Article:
- High volume: EDs at or above capacity result in overcrowding, resulting in unnecessarily long visits, medical errors, and mortality;
- High complexity: Even though the average ED patient is more clinically and socially complex, many EDs are not set up to address these needs—leading to frequent and avoidable acute utilization; and
- Low compensation: While the costs of ED visits are increasing, payment policies have started to withhold reimbursement for some utilization, decreasing compensation. For example, some private payers don't reimburse for non-emergent ED use.
Due to these pressures and significant inefficiencies, University of Colorado Hospital (UCH) redesigned ED services. The hospital's transformation leaders reduced avoidable admissions by 20% and total cost of care per patient by 18% within one year. Here are six lessons we learned from UCH's redesign process:
- Empower frontline staff to address operational inefficiencies: To prepare for large-scale change, frontline staff participate in weekly multidisciplinary forums, with executive support. UCH involves frontline staff in decision-making on changes related to clinical quality and safety, process improvement, and clinical operations.
- Instill a culture of process improvement: UCH developed Rapid Process Optimization (RPO), a clinician-led process improvement methodology, to formalize continuous improvement biennially. It provides a forum to inform and revise changes, making clinicians more likely to embrace change. UCH also ensures data transparency across all staff through role-specific performance dashboards. The dashboards compare individual performance to department and national standards.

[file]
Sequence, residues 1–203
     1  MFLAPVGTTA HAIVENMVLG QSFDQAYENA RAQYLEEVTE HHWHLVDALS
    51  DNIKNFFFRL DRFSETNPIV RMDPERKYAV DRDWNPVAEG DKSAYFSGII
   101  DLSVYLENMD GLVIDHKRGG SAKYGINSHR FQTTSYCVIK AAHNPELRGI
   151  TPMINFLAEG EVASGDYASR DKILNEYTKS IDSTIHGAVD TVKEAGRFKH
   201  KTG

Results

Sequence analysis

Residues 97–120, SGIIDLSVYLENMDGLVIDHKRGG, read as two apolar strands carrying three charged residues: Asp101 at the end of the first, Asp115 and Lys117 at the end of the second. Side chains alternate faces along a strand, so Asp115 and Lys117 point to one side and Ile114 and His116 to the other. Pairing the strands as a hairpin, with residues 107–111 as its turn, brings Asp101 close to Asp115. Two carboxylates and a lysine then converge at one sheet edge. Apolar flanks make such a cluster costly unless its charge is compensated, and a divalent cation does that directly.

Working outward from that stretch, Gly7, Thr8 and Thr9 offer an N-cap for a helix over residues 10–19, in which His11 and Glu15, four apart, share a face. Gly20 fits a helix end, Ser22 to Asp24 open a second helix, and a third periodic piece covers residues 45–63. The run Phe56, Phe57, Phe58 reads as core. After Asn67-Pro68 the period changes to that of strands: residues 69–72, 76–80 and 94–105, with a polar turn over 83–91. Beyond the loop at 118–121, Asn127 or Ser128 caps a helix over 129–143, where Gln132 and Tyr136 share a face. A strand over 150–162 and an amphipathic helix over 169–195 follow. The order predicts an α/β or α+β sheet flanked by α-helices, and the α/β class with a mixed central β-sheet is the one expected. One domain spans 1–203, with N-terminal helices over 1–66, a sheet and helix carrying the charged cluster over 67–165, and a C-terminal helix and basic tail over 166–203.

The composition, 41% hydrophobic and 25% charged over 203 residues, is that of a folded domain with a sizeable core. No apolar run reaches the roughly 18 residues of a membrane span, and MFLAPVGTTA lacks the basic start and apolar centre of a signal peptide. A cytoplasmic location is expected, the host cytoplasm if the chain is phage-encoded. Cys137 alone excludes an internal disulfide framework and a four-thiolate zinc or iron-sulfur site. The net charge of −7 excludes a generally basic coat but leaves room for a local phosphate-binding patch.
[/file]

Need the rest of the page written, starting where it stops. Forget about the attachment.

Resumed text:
- Ensure top-of-scope care delivery: A staff allocation analysis revealed that doctors and nurses spent more than half of their time on tasks beneath their skill level (e.g., turning over beds, searching for equipment). In response, UCH redeployed clinical and non-clinical staff to ensure "top-of-scope" care delivery. Investments in support staff and training ensure all team members operate at the top-of-role and encounter few ancillary delays.
- Embed standardized clinical pathways in EMR: UHC's standardized clinical pathways drive efficiency and ensure high-quality care. To kick off the pathway, an ED pivot technician (tech) collects basic information when a patient arrives. Then, the pivot tech directs critical patients to the main ED and non-critical patients to one of four intake rooms. UHC's non-admitted patient length of stay is now just 2.3 hours, and average door-to-doc time is 8 minutes.
- Designate ED staff for follow-up and transitions care: UCH expanded transition services to meet complex patients' long-term needs and prevent avoidable utilization. The hospital created a dedicated ED-based care management team (i.e., navigators, nurse care managers, social workers) to improve care transitions between the ED and ongoing clinical and non-clinical support (e.g., social services, PCP, skilled nursing facility).
- Establish partnership for sustainable, ongoing care: The transitions team connects high-utilizer patients to its Bridges to Care (B2C) program through a partnership with local FQHCs. UCH leadership ensure care transitions staff cultivate relationships with the B2C team. This arrangement has been key to B2C referral uptake, as warm hand-offs are now personalized (e.g., "Jane is B2C's care coordinator and will help enroll you in Medicare"). After this warm hand-off, patients receive wraparound support, including personalized care planning, health coaching, and behavioral health support.